John Batchelor says it’s obvious: His Republican Party is a corpse.

For starters (I recommend you read the entirety):

The Republican Party is dead like Lehman Brothers and Robert E. Lee, not to be revived by TARP, Rupert Murdoch, or a surge of feverish nationalism. The present financial collapse makes it plain to see that the Republican Party did not die recently at the hands of the clever Democrats, but rather in 1933 at the hands of cowards, sycophants, and snobs who regarded the awesome Democratic victories in 1930 and 1932 as a “smear” of Herbert Hoover and a “panic.” Since the Great Depression I, the Democrats have been the electorate’s default choice, the politicians who rule as if America was simultaneously a school district, a union hall, a junior-year-abroad seminar, and a PAC. The Republicans who pop up now and again thrive in the empty-quarter counties of the West or in the so-called Old South, which is better understood as Confederacy Lite.

new H-1B numbers from USCIS

Yesterday (April 9), USCIS (U.S. Citizenship and Immigration Services) released its updated H1B petition filings count for the 2010 fiscal year. USCIS reports that it has received approximately 42,000 H-1B petitions counting towards the 65,000 standard H-1B quota. The agency also announced that it has received approximately 20,000 petitions for holders of advanced degrees. While only 20,000 advanced degree cases are exempt from the standard cap, USCIS will nevertheless continue to accept new cases, given the likelihood that some will be rejected or denied.

USCIS also announced that the 15-day premium processing clock started running on April 7 for petitions that were received during the initial five-day filing window. For petitions received after April 7, the 15-day premium processing clock will start on the day USCIS receives the petition.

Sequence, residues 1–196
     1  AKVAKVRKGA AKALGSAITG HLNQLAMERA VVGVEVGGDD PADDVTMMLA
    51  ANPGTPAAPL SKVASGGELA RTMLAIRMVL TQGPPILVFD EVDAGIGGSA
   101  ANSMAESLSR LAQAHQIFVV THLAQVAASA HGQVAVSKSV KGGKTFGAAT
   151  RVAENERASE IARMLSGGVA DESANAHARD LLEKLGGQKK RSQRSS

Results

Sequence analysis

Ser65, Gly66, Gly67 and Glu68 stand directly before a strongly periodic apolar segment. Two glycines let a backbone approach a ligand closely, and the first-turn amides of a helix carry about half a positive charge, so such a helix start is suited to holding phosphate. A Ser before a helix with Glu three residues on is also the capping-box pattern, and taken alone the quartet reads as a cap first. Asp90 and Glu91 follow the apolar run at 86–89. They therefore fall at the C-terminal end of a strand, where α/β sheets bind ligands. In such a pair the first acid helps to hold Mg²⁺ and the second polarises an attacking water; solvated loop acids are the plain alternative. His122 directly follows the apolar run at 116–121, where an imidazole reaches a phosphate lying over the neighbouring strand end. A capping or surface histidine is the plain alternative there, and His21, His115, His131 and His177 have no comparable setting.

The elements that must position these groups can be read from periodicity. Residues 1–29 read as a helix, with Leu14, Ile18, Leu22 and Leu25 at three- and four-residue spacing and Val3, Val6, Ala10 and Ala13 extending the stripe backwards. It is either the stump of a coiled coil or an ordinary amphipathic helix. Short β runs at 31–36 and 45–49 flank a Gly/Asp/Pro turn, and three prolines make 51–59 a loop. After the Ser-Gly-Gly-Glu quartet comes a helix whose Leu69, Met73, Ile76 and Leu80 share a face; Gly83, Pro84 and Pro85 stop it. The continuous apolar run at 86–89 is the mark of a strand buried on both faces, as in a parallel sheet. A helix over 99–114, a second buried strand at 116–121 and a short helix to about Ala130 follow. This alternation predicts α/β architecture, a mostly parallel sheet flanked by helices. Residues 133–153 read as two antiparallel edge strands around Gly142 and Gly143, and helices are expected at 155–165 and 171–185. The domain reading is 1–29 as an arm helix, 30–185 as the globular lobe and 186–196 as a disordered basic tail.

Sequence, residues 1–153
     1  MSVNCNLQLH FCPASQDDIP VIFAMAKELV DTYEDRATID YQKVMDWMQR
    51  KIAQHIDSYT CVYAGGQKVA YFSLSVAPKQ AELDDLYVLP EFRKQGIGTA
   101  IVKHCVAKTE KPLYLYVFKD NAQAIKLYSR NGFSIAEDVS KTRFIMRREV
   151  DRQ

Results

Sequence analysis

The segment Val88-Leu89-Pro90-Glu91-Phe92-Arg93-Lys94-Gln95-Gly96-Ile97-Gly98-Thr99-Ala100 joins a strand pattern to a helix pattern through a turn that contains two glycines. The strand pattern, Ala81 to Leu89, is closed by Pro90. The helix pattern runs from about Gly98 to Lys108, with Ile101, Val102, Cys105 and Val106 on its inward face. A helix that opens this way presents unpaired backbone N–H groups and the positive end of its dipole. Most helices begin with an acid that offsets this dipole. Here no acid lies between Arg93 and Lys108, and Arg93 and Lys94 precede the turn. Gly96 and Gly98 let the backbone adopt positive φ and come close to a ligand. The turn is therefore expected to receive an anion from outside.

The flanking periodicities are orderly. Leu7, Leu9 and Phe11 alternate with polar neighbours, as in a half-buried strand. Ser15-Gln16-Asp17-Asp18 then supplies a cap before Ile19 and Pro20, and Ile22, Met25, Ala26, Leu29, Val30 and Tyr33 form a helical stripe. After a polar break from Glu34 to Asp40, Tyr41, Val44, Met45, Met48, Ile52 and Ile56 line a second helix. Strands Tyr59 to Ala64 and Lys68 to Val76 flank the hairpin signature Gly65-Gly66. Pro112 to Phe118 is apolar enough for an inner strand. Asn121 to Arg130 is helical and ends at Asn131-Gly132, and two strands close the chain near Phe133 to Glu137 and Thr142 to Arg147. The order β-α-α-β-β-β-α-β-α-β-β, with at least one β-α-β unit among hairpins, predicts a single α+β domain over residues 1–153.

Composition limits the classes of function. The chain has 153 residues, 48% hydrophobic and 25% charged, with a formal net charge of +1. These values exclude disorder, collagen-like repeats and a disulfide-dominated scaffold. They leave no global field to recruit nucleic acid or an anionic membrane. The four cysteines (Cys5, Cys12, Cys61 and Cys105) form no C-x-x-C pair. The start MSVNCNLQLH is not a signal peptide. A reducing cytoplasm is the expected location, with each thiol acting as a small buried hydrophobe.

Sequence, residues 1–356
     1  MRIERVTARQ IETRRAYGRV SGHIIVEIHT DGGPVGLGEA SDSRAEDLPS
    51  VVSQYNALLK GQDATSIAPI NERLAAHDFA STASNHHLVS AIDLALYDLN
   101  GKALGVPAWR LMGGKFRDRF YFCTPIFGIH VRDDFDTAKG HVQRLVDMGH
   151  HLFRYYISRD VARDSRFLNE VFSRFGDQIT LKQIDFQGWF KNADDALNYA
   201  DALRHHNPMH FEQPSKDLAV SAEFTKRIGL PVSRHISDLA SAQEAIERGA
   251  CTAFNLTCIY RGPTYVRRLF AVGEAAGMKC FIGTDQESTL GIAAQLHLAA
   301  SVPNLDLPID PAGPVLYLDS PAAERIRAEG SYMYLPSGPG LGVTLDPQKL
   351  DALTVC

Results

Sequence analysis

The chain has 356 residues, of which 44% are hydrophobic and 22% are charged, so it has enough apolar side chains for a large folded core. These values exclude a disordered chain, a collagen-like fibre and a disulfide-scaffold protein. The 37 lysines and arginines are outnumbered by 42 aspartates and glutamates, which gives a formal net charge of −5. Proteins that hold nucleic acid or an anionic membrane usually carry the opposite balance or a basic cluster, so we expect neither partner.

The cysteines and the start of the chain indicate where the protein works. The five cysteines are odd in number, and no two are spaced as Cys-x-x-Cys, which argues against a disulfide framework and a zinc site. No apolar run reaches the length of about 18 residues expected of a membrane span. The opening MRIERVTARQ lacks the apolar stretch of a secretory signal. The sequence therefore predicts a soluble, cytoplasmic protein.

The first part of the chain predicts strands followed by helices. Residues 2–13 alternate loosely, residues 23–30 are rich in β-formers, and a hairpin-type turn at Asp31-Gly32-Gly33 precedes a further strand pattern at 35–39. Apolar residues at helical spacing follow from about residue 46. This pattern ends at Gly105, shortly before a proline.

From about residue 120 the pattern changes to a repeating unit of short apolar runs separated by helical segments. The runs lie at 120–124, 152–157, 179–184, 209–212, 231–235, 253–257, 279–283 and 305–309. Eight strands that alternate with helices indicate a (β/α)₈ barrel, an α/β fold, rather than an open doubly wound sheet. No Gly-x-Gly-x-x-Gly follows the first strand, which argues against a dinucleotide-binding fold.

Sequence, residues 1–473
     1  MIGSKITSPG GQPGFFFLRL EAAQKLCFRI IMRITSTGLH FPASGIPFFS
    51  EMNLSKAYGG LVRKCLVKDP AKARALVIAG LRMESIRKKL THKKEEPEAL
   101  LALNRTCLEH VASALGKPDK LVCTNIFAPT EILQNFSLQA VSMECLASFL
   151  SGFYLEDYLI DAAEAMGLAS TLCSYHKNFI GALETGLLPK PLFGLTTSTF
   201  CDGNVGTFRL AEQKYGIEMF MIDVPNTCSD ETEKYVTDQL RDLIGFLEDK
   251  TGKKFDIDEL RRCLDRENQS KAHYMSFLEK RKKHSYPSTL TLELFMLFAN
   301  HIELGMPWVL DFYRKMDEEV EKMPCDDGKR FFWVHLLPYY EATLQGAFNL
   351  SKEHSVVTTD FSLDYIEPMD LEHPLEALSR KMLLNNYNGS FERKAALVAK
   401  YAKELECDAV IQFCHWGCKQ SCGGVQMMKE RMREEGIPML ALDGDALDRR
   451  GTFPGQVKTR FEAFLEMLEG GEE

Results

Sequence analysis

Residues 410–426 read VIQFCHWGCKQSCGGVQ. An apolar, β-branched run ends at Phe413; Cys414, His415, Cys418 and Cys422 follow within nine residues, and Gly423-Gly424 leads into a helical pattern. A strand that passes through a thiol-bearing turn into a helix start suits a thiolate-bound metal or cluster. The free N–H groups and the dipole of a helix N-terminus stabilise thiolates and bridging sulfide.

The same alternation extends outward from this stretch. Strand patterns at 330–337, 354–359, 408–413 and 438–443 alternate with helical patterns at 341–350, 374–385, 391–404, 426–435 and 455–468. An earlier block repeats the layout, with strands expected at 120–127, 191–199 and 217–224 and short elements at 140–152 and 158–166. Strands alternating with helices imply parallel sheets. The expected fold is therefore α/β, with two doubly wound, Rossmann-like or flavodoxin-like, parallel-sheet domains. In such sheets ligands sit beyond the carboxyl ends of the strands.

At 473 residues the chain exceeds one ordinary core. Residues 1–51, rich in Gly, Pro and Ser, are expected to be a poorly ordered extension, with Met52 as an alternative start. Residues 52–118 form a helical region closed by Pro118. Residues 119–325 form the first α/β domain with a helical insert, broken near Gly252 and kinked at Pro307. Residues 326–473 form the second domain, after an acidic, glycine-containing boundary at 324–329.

April 09, 2009

foreign worker debate . . .

The New York Times has posted an interesting (and worth reading) discussion: Do We Need Foreign Technology Workers?

For the high-tech industries, particularly, foreign-born workers on temporary H-1B visas are an important labor pool. Many of these workers arrived in the United States as students and stay on through the H-1B program. Many also go on to become permanent residents and founders of startup firms. But there is longstanding criticism among some labor groups that workers on such visas suppress engineering salaries and actually make it easier for employers to move more jobs to low-cost countries like India.

We’ve asked several experts how immigration policy affects high-skilled workers and the industries that rely on them.

widow penalty

Demanding an End to the Widow Penalty

March 2009 - Jayme A. Feldheim, Note, Ending the Widow Penalty: Why Are Surviving Alien Spouses of Deceased Citizens Being Deported?, 77 Fordham Law Review 1873, (2009). In this scholarly law review article published in Fordham University Law School's journal, author Jayme Feldheim concludes that the Ninth Circuit's interpretation of immediate relative to include a surviving alien spouse for immigration purposes is both the superior and only reasonable understanding of the relevant statute.

And this from Bender's Immigration Bulletin
Sixth Circuit on "widow penalty"
"The sole issue before us is a question of law, which requires us to interpret language of the INA to resolve a matter of first impression in this Circuit. The question is whether an alien-spouse, whose citizen-spouse filed the necessary “immediate relative” petition form under 8 U.S.C. §§ 1187, 1255(c)(4), but died within two years of the qualifying marriage, qualifies as a spouse under the “immediate relative” provision of the INA. For the reasons set forth below, we conclude that a “surviving alien-spouse” is a “spouse” within the meaning of the “immediate relative” provision of the INA. Accordingly, we AFFIRM the district court’s grant of summary judgment for Lockhart." Lockhart v. Napolitano, Apr. 8, 2000. [Hats off to Brent Renison!]